Wastewater is one of the many problems that we need to have a better solution of. After all, the bad things in it which are left untreated could harm us humans and the environment.
Many have tried alternatives to treat wastewater, but maybe they’ve overlooked the most natural things with that capability: plants.
We’ve used plants for so many things, from simple decoration to things that stuff our bellies. Only recently that it’s discovered that we can also use it for wastewater. It’s all thanks to Jacques Brisson, professor in the University of Montreal’s Department of Biological Sciences.
Brisson is a researcher with a specialty in phytotechnologies, the use of plants to solve the environmental problems caused by human activities. His work as a researcher focuses on making use of plants’ natural ability to treat wastewater. And recently, he and his colleagues published studies on the sustainable and cost-effective technologies.
Using plants for evapotranspiration
Published in the journal Water Research, Chloé Frédette who completed her PhD with Brisson has found important findings. With Brisson, they both created a model for maximizing the evapotranspiration potential of plants.
Brisson said, “Chloé’s project developed an original design for a zero-liquid-discharge wetland that treats industrial wastewater. The idea was to completely eliminate all of the contaminated water by evapotranspiration so that none is discharged into the environment.”
What does a zero-liquid-discharge wetland mean? It’s a leakproof artificial basin that contains plants growing in soil and coarse sand. And when contaminated water passes through the sand, the plants will absorb the water and release it into the air as vapor.
“The contaminants are immobilized in the sand, thereby eliminating any danger of leaching into the environment. The plants and the bacteria in their roots can also break down some of the contaminants and render them less toxic,” Brisson said.
Now, this system isn’t actually brand new, since European countries have long used such wetlands to treat wastewater. But, Fredette and Brisson’s work is innovative. The reason for that is the model; their wetland’s parameters can be adjusted to optimize the treatment of leachate, a mixture of rainwater and buried contaminants.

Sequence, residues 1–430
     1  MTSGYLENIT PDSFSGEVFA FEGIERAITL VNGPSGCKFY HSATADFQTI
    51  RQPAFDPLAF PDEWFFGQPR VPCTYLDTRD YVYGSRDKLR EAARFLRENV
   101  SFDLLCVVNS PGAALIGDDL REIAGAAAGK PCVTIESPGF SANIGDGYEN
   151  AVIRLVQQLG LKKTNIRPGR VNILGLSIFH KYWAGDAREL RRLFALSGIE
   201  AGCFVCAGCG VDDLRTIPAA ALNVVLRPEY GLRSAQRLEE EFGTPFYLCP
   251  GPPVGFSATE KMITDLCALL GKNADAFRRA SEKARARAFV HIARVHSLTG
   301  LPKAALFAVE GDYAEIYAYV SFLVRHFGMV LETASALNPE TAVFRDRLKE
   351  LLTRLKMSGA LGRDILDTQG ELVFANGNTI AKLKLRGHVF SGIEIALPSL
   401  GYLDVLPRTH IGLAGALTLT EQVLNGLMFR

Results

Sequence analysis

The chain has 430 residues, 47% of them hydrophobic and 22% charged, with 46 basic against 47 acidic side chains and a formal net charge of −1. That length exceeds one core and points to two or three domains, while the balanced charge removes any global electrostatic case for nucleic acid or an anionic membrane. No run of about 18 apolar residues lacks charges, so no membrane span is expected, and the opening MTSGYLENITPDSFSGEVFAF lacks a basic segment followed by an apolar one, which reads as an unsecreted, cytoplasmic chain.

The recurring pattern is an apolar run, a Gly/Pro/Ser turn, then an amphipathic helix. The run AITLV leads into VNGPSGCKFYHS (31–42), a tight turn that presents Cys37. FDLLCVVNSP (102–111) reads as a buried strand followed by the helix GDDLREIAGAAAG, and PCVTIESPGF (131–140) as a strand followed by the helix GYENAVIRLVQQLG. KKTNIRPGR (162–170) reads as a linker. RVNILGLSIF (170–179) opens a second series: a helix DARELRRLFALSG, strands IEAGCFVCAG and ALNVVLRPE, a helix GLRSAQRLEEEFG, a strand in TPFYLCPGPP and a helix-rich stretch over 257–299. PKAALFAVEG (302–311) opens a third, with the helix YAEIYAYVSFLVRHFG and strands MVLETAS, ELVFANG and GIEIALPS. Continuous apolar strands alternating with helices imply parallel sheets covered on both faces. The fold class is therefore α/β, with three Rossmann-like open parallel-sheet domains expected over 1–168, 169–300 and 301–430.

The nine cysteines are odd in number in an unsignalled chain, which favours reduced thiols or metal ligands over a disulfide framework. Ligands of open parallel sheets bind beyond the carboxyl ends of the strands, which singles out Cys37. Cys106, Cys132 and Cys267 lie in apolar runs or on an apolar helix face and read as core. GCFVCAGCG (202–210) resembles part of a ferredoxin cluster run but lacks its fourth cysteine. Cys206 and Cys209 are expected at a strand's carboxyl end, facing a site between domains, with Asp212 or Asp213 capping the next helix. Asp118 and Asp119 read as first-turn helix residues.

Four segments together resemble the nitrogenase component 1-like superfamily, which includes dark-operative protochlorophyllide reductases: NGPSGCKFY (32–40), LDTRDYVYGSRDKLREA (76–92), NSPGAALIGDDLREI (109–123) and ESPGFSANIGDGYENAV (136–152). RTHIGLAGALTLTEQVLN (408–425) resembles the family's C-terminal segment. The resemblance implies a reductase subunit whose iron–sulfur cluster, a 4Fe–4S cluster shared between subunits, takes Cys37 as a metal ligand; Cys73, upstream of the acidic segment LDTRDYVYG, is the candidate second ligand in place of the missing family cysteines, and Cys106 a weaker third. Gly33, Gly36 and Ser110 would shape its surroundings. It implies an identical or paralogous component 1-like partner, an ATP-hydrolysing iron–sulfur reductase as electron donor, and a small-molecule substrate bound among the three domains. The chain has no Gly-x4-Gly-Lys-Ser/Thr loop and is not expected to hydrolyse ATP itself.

Brisson explained, “The big question was how can we design a zero-liquid-discharge wetland when the quantity of water entering the system is unpredictable because it varies depending on rainfall. In the end, the solution lies in the shape of the wetland, the choice of vegetation and installation of a temporary storage tank for the water.”
Even though the model was developed for Montreal’s climate, it’s adaptable to any climate. What needs to be done is choosing plants with a high evapotranspiration rate and are suited to local conditions.
“This green approach has enormous potential, especially since it is much cheaper than conventional wastewater treatment plants,” Brisson pointed out.
Filtering pesticides with biochar
The other study that Brisson did revolves around the effectiveness of constructed wetlands for treating agricultural runoff. In his experimental research, published in Ecological Engineering, it shows that adding biochar to wetland vegetation is very effective in treating water contaminated with chlorantraniliprole (CAP), a common insecticide.
Biochar itself is a type of charcoal often used to improve soil fertility. Now we know that it’s not only useful for plants, but also for filtering pesticides that usually seep into the environment. “